Chronic sleep habits most important; athletes often struggle with sleep the night before a big competition.


Some studies show that that sleep banking might help in preventing some of the decrements that come with times of inadequate sleep


Young adults have a delayed body clock where they naturally want to go to bed later. Early morning training sessions may not be the most productive sessions. Schedule periodic recovery days (sleep in am) has shown to benefit recovery in athletes (specifically stress scores)


There is a definitely an impact of travel and time differences on performance and observed circadian misalignment between east and west coast teams.

  • Rule of thumb is that it takes one day per hour of time zone that you cross to re-acclimate your body clock


Tends to be harder to shift your clock going eastward because our body clock is slightly longer than 24 hours and we always need that exposure to the sun to lock our body clocks into our time zone


Best if you can travel with adequate time before you have to play or perform


NFL study looked at 25 years of night game match ups between east and west coast teams. Regardless of the coast that you are playing on. If you simply bet on the west coast team you'd beat the point spread 68% of the time. Reason why is that body clocks differ. Regardless of the coast where the game was played the west coast team was playing on 3 hour earlier body clock- Late afternoon is time when performance is typically enhanced.


Strategies to deal with jet lag

Most advantageous to prepare in advance.

  1. Pre-flight strategies- Start to shift your body clock a couple days before you fly, go to bed a half hour earlier, sunlight exposure to influence body clock. Get adequate sleep before you travel.

  2. In flight strategies- try not to nap so maintain a sleep drive that will facilitate a transition to new time zone, hydration is key is mitigating the effects of jet lag

  3. Post-flight strategies- Mah is a fan of power naps of approximately 20 min. Timing is important for these too. She recommends in the afternoon because that is when we have a natural dip in our circadian clocks. Its easier to fall asleep. Timing can depend on when you want to have increased performance.


Naps:

  • Too long of a nap will cause sleep inertia- a grogginess because you woke during deeper stages of sleep. May also decrease your sleep drive and affect your subsequent's night sleep

  • Naps should be used as an energy boost but not replace adequate sleep


The Caffeine nap (also called a Napaccino): you have to be sleep deprived to fall asleep quickly (within 5-10 min)

Protoccol:

  • Consume your caffeinated beverage

  • Fall asleep quickly

  • Power nap 20 min

Nappaccinos have been shown to be more advantageous than just caffeine alone or just napping alone.



Nutrition: recommends a protein and complex card pre-sleep snack for athletes after games and to decrease fluids an hour before bed.


Nutrition research is starting to show effects on sleep architecture. Timing of meals can benefit sleep and is a significant strategy for mangling circadian clocks



How much sleep do you need? The amount of sleep we need doesn't change as we age but the type of sleep does change. Males in particular start to see a decrease in the percentage of deep sleep


Regarding the application of sleep science, there are 3 buckets to focus on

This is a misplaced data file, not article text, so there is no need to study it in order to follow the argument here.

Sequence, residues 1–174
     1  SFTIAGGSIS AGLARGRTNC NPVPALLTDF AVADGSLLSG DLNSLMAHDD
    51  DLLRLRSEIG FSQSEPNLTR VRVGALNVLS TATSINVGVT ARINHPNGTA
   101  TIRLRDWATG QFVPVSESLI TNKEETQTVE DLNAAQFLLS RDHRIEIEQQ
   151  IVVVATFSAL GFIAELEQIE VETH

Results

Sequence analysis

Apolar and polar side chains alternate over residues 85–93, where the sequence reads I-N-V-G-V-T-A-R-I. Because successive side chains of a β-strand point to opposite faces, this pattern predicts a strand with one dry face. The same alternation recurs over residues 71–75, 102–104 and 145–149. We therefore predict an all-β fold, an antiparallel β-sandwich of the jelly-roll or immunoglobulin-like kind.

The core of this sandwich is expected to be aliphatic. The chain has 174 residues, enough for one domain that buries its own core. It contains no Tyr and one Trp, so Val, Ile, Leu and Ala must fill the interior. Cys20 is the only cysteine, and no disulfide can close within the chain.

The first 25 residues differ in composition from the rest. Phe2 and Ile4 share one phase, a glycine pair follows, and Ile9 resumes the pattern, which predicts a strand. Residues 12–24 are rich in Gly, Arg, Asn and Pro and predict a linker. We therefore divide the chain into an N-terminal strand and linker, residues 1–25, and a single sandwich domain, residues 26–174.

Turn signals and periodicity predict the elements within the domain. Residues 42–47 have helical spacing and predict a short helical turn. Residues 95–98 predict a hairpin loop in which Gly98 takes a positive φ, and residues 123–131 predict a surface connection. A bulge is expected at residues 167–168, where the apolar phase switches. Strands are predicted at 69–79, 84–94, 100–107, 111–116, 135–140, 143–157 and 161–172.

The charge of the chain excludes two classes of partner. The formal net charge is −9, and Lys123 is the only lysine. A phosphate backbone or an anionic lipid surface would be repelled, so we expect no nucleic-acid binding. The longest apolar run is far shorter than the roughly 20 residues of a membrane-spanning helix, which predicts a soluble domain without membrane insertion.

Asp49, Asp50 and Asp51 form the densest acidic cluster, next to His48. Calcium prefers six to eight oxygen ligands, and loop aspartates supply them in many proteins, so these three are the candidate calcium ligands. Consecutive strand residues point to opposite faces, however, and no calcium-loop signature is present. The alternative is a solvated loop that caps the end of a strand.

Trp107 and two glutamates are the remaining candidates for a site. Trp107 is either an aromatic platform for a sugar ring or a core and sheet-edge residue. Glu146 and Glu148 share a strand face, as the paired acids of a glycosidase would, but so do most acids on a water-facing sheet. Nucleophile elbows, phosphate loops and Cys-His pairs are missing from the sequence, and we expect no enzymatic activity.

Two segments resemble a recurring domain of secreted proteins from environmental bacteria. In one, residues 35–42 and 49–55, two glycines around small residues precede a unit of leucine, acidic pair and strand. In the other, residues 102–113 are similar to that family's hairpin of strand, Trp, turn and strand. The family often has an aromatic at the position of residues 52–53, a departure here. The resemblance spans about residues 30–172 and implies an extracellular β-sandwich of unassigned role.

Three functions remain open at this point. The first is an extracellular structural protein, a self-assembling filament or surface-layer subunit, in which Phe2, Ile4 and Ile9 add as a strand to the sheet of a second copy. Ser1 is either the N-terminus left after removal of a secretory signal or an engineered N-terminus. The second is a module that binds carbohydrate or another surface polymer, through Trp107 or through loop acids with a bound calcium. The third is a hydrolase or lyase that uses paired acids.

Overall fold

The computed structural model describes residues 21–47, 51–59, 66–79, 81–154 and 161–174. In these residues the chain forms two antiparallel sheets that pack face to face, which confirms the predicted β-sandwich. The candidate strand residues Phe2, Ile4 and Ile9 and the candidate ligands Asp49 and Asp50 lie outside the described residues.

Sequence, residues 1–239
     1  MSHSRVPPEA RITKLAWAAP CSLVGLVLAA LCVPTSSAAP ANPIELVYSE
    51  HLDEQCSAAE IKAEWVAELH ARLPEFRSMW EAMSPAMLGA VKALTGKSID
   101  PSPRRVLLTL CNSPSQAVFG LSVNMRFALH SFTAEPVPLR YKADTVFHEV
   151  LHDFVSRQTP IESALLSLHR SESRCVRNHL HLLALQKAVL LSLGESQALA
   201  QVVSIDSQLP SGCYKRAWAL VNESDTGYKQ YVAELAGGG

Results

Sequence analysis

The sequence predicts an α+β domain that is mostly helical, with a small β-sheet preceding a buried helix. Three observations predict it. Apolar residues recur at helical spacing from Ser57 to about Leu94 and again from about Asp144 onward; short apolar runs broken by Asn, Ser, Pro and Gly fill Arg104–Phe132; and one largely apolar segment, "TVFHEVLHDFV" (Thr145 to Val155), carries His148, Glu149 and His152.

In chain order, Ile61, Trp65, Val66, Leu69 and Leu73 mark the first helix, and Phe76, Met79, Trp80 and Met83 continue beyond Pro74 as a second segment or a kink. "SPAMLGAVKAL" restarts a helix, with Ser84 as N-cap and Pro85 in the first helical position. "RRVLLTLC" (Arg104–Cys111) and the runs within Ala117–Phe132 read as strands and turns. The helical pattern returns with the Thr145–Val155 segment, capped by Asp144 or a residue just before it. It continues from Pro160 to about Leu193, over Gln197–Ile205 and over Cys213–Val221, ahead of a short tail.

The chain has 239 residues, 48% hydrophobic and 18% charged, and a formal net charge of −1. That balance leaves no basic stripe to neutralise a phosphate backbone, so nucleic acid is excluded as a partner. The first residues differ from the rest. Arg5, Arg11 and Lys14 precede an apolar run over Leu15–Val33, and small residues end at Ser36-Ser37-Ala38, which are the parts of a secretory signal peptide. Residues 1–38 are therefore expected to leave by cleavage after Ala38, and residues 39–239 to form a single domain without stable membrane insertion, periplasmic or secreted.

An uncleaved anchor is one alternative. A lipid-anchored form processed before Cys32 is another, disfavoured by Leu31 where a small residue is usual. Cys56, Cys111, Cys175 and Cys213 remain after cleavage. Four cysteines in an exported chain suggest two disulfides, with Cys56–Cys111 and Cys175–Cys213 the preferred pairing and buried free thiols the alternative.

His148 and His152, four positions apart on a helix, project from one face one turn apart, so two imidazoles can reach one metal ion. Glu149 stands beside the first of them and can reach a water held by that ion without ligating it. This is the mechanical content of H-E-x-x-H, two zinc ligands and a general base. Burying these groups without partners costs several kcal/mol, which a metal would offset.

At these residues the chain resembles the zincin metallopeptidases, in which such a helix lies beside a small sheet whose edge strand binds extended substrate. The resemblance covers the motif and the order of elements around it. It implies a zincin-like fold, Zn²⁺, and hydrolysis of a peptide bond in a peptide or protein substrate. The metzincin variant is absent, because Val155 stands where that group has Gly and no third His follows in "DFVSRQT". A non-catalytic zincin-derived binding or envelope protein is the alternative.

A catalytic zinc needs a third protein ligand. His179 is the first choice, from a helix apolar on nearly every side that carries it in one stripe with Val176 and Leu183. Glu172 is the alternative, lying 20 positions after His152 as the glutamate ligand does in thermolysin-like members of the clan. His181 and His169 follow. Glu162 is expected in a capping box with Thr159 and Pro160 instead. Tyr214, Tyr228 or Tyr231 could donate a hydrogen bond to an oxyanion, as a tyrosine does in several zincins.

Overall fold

• Sleep Duration

  • Sleep Quality (stress the wind down routine)

  • Timing of Sleep




Rhythm and Blues

Sleep Talk podcast: episode 32

Dr. Moira Junge and Dr. David Cunnington interview Professor Sean Cain



Who is Prof. Sean Cain? A PhD who is on faculty at Harvard Medical School studying circadian rhythms as they correlate to sleep and the impact on cognitive performance.



Circadian rhythm influences more than just sleep and wake times. It influences many things including mood.


The relationship between circadian rhythm and mood may help direct potential treatments for depressive symptoms and maintaining healthy moods.



Patterns observed between those with lower moods and going to bed later.

  • Sean Cain published on this.

  • People undergoing treatment with SSRIs for depression who were evening types had more depressive symptoms and more suicidality. They identified a phenotype that did not respond well to these types of anti-depressants

Circadian rhythms are hidden, under the surface and can't be assessed just by looking at sleep/ wake times. They are hard to measure. Hence they can be difficult to manipulate properly.


There are some types of treatments that can harm people with depression more than help them and it’s because of these hidden effects of circadian rhythms


What components of circadian rhythm impact mood?

  • -the phase/timing of the rhythm (ie, time of day) - esp in relation to sleep -wake behavior.

  • For example your melatonin onset in the evening is important. If your melatonin onset is 2 hours before your chosen bedtime, that's usually the optimal circadian time to go to sleep.

  • -amplitude of rhythms (the strength of rhythm) is a reflection of the strength of the signal for your body clock control your sleep-wake cycle but all the other systems that change over the day


Emerging research on circadian rhythms and depression:

  • Some early research shows that phase delayed individuals are more prone to depression.

  • Non-optimal sleep that often comes with phase delayed sleep results in disturbed emotional regulation and therefore gives us a more negative bias causing us to perceive negativity more easily.

  • Phase delay results in a push of your core body trough (your core body temp minimum). This should ideally occur 2-3 hours before you wake. So phase delayed individuals have a really hard time waking up because during the time of your core body temp minimum occurs when body clock has the strongest signal to sleep. This affects your ability to maintain alertness and positive mood all day long.